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Postby Billbbill » Sun Aug 29, 2004 12:51 pm

Franklins is a very good straight forward soloing jam for building on Mr. Gribbles observations. No dipping into any min. or blues scales, and a very light dose of chromatics is workable.

It's perfect for being mindful of playing "over" chords. Keep in mind where you are, chord wise, while soloing to add accent and color, and begin and end phrasing.

The note triad (notes that form a chord) for the A maj chord is A, C#, & E. For D maj it's D, F#, A. These notes represent "safe" points for beginning and ending phrases. Notice they're all notes in A mixolydian.

This is not for the G chord. As you probably know you could play this song without even voicing the G (as Jerry does when he picks out A and D chords at the mellow point just before the last verse.) The G is a bridge between the A and D and back to A so the G note can be played virtually anywhere.

The point is to be mindful of what chord you are soloing over and to utilize these notes when beginning or ending a phrase or accenting a phase with a more "obvious" reflection of the chord.

It will eventually become 2nd nature as you internalize these points. You won't even think about it; some may be doing it already simply because it sounds right.

Of course this is not for those of you who are beyond this concept.

While you can certainly get away with jamming without this in mind, unless you approach this in some instinctive fashion you run the dreaded risk of meaningless meandering.

Here's a small example. I'm not going to note the G chord. It may only serve to confuse.

--A--------------------D------------------A
e---------------------------------------
b-5--5-5-3-2------------------------3--
g-------------4-2-------------2-2-4----
d------------------5--4--4-4-----------
a----------------------------------------
e----------------------------------------
The 5 on the B (E) is a take off point for a phrase.
The first 4 on the D (F#) is a "touch" point for the D chord change and the second 3 on the B (D) at the end represents the summation of the phrase.


This is faster with some more notes but is essentially the same.

--A---------------------------D----------------A
e----------------------------------------------
b-5-5-3-2-3-2----2------------------------3---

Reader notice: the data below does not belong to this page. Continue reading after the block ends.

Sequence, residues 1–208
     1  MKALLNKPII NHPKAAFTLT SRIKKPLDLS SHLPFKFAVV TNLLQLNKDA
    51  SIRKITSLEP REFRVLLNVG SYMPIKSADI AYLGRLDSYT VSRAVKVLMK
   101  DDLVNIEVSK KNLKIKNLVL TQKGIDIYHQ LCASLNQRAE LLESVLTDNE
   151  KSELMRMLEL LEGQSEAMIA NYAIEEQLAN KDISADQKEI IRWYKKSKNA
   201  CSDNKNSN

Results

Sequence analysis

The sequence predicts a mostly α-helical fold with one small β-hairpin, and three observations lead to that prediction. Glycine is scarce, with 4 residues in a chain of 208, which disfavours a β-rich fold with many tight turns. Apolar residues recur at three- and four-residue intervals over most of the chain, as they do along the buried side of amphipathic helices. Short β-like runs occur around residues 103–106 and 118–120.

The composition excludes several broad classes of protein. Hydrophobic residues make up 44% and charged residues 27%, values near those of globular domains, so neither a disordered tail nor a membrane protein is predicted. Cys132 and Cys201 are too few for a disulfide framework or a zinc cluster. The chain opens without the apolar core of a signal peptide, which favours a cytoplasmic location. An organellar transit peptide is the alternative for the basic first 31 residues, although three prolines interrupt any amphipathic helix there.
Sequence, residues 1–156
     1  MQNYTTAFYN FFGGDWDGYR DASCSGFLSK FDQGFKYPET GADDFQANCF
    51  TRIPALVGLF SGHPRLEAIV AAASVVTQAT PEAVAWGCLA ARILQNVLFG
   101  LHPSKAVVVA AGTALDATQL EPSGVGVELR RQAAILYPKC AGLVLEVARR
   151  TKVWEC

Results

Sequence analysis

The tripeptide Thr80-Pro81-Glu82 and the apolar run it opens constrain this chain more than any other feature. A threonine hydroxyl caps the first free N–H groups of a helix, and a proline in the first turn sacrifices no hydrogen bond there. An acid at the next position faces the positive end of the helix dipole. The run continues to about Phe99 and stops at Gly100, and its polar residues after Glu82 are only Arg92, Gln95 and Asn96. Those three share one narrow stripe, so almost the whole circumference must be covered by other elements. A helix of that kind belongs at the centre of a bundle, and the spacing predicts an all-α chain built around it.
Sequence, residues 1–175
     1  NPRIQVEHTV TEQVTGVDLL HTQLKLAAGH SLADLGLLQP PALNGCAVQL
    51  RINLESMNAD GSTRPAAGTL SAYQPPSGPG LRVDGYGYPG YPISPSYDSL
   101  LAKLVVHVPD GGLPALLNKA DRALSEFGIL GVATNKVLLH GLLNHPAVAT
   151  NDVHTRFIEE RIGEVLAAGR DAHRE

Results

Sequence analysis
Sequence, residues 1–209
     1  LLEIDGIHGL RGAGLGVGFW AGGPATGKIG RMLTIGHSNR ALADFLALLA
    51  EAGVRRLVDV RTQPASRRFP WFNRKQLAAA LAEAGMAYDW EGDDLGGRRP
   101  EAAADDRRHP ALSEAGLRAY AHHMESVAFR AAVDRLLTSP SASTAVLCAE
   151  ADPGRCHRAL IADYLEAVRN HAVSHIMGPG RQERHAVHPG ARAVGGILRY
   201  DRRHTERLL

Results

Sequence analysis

g----------4----4-2--4-2-------2-2-4-2-4----
d--------------------------5-4-4-4----4-------
a---------------------------------------------
e--------------------------------------------

Of course beginning and ending phrases often transcends chord changes. In other words you don't end a phase on every D chord. A phase can have these chord recognition points and just keep going, although it has to end sometime.

I hope this is helpful.

Any input or corrections are welcome.

Note. Please excuse my referring to Jerry in the present. If you believe in eternity he's out there pickin' somewhere.
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Postby phpbb » Sun Aug 29, 2004 5:43 pm

I just saw Jerry the other day..
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Postby jahozer » Wed Sep 29, 2004 6:42 pm

hmm,
Now this is where I differ in the way I think of scales and modes. I tend to think of everything as different positions of diatonics.
To me A, G, and D tell me that this song is in D. No matter of where it starts.
I have always known of modes but admittedly was always confused as to where they started. Keeping in mind the importance of phrasing as mentioned in the previous posts, note that A mixolydian is actually D diatonic, but starting on A. See the tank for further discussion on key.
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Postby Billbbill » Thu Sep 30, 2004 8:38 am

I delve into the technical with hesitation. Not my strong suit as you've pointed out. To a certain extent, while you are probably correct, it comes down pretty close to six of one half dozen of another. Especially if we're talking about the same notes.

It's almost moot as the real crux of my point was about being concious of "playing over chords". Early in my playing days I would simply want to know the key and go. As I progressed it became evident that on some level (if not instinctively, than consciously) I would have to be more aware of key changes or playin over chords within leads to add complexity and nuance. I suppose this was somewhat of a poor mans attempt at communicating these ideas.

For this tune I think A while over A and D while over D. Obviously they overlap considerably but thinking in these terms helps me accentuate the chords within the lead. If technically wrong (which I likely am), I apologize to any who may have been misled. I hope the intent was communicated. Thanks for the heads up.
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Postby jahozer » Thu Sep 30, 2004 10:03 am

Bill,
I mainly was refering to d's way of thinking as far as modes are concerned. I, like you, have realized the importance of playing over the chords (waaay to late in my playing history).
Lets assume we basically both agree that the song is in D. When you say you think A over A and D over D, do you play a full diatonic sequence over each chord, or do you use it as a starting point for something like what d was refering to and play A mixolydian?
Information is not knowledge. Knowledge is not wisdom. Wisdom is not beauty. Beauty is not love. Love is not music. Music is the best.- the girl from the bus
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Postby Billbbill » Thu Sep 30, 2004 6:07 pm

OK. When you say full diatonic sequence I'm assuming you mean a lick encompassing the full scale, whether beginning with A or D. If thats what you mean I'd say I'm more attuned to the latter although even that is somewhat limiting.

It's very difficult (especially being an ear player for the most part) to communicate this without limiting.

I'm leaning toward the latter because it more closely reflects my approach, even though I may play a cohesive lick over D that while within A mixolydian more closely resembles D diatonic.